Several weeks ago I strolled Main Street in Ventura and visited Mission San Buenaventura.
“El Camino Real” (the Royal Road, now Hwy 1) winds up the CA coast. 21 CA Missions, in various states of repair/authenticity are linked by this road. The thought was, each Mission provided a safe stop after a day’s worth of travel.
The Missions spurred change and the civilization we know including livestock, agriculture, education, and (of course) the Christianity they were driven to propagate. On the flip side, the Spanish decimated entire populations of Native Americans in the name of faith.
Visiting the Missions, I examine a bevy of emotions including awe at the architecture to disgust in the motives and corruption. It’s a chapter of history. It helped to make CA what it is. Ugly chapters have lessons to teach.
Here is a website link to a map with all CA’s missions and links to each’s history/photos. It’s simple and informative.
Father Junipero Serra raised the cross of Mission San Buenaventura and celebrated mass on Easter Sunday, March 31, 1782, founding his ninth and final CA mission. A seven mile long irrigation canal from the Ventura river paired with an outstanding climate (I can vouch for that) allowed the Mission to prosper. Exotic crops such as sugar cane, bananas and coconuts were grown as well as the staples. The original church burned and a second was completed over 15 years. Now, that church and the courtyard remain. A school sits over the original cemetary. (Why was that allowed, I wonder?) Eventually, most of the mission’s land was sold off to settlers and it became a local parish. A 1957 restoration undid many “improvements.”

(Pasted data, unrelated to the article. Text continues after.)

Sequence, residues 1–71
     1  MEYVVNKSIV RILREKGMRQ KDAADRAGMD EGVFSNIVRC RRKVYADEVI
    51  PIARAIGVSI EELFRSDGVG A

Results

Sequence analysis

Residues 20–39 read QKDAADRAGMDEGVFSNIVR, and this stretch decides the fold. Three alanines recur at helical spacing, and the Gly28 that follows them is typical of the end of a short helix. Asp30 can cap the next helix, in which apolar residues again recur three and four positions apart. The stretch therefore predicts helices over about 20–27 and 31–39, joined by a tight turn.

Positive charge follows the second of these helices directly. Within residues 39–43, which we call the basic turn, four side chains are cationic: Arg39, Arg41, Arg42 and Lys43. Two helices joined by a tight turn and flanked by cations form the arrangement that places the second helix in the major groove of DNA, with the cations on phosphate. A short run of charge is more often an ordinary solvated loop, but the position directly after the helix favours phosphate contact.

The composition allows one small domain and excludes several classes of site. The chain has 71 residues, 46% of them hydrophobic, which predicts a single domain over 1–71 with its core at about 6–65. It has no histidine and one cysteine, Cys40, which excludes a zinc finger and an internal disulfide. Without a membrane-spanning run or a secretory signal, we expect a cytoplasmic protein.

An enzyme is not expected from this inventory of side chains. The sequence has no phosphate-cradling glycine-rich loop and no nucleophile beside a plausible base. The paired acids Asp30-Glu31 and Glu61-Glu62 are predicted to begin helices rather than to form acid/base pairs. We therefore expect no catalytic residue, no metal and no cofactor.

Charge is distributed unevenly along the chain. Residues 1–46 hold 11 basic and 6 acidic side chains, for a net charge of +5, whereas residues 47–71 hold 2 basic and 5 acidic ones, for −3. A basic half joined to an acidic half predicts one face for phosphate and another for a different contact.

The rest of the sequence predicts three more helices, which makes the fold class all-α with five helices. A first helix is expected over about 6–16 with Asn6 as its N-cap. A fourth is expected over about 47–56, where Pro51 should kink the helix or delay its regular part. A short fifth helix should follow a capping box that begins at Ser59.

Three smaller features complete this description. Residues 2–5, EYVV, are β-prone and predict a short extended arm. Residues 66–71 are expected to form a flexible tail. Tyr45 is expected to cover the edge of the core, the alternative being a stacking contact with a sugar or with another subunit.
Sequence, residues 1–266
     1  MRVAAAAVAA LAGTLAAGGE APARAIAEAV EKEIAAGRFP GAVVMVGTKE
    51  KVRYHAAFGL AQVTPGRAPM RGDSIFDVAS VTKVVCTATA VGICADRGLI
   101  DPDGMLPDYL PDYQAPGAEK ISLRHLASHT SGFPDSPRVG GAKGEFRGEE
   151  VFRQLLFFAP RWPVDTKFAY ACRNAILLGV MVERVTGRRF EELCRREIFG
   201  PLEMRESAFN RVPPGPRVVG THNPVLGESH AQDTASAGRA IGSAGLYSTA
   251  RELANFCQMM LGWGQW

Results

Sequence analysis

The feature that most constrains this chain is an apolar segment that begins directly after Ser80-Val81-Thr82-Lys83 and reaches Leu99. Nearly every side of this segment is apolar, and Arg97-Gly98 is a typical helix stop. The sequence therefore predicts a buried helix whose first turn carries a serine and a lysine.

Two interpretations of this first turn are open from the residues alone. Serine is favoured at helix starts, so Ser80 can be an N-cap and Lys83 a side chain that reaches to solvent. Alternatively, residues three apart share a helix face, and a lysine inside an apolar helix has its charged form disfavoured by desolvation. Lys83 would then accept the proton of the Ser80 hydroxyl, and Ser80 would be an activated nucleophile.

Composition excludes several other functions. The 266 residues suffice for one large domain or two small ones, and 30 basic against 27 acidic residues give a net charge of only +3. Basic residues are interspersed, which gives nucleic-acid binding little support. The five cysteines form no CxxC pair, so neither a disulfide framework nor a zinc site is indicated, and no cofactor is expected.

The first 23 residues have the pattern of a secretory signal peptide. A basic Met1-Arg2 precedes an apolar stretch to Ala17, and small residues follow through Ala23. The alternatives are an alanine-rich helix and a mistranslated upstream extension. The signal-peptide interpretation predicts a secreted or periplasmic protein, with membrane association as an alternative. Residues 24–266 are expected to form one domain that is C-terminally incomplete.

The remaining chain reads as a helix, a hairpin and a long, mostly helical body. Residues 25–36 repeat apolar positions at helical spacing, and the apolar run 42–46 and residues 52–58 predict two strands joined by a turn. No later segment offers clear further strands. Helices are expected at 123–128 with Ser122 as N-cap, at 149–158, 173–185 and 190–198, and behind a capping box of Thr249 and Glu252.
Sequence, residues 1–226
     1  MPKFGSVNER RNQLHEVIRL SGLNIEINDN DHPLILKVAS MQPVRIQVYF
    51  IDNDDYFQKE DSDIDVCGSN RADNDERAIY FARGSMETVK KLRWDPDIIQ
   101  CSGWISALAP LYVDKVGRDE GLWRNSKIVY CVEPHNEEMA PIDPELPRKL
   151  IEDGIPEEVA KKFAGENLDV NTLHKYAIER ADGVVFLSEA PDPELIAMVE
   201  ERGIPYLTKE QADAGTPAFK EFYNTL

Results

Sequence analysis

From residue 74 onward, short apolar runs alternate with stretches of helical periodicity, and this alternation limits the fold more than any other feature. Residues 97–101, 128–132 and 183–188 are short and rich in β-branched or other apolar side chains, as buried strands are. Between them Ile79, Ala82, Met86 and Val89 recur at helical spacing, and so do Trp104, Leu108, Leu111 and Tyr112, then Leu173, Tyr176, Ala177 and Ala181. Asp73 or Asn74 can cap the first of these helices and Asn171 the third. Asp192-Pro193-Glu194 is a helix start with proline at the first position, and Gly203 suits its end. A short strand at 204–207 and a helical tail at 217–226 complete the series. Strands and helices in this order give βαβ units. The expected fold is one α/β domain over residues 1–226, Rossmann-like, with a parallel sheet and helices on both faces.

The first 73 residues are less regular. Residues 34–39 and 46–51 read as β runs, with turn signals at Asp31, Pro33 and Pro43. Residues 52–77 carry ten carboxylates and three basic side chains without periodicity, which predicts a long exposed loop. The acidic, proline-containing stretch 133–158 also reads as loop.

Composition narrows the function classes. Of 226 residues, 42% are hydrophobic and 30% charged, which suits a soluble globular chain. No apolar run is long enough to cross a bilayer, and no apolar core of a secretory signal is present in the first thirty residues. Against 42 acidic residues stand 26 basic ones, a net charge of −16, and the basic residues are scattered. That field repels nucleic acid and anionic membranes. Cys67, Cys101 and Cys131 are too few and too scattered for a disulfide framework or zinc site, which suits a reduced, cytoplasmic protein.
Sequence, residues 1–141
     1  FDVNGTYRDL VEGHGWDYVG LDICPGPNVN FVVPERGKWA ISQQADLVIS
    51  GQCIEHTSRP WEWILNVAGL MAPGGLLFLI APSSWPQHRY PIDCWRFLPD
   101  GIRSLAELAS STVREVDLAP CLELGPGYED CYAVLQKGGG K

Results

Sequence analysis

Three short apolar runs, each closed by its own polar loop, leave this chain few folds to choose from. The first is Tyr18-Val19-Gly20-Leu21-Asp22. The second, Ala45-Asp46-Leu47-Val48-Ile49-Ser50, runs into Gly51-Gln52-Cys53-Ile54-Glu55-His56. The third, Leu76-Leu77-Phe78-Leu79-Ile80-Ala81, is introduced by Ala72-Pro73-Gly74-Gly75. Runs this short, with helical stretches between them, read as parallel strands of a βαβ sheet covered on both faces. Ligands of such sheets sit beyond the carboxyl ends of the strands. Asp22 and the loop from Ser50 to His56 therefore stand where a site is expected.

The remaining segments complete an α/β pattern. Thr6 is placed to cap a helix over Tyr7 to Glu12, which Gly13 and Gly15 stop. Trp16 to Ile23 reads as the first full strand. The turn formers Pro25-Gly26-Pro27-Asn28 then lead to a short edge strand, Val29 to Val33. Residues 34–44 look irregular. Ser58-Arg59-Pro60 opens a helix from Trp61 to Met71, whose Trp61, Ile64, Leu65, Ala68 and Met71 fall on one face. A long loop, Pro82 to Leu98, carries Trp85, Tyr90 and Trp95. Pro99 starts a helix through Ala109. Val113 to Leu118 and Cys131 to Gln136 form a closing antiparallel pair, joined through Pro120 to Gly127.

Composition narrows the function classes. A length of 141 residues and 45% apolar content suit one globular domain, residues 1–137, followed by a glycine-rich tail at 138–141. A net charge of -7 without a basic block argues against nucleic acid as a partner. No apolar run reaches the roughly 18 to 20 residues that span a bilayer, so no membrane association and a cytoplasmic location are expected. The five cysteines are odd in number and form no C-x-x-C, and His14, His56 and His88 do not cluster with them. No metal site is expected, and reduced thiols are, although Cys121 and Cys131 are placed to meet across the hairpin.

One enters through the gift shop. A small entrance fee later with pamphlet in hand one enters the small museum, packed with artifacts, maps, etc. Then, through a low door you step into a lush, peaceful, quiet courtyard containing a fountain of colorful tile, an altar, benches and the door into the chapel.
Entering the chapel:
One very unusual light fixture:
The bell tower. I read bells were “borrowed” from the Santa Barbara Mission and never returned.
Though hard work (for some) I wonder if San Buenaventura was a little piece of paradise, reminescent of the Mediterranean home they left behind. I’ve many more to see!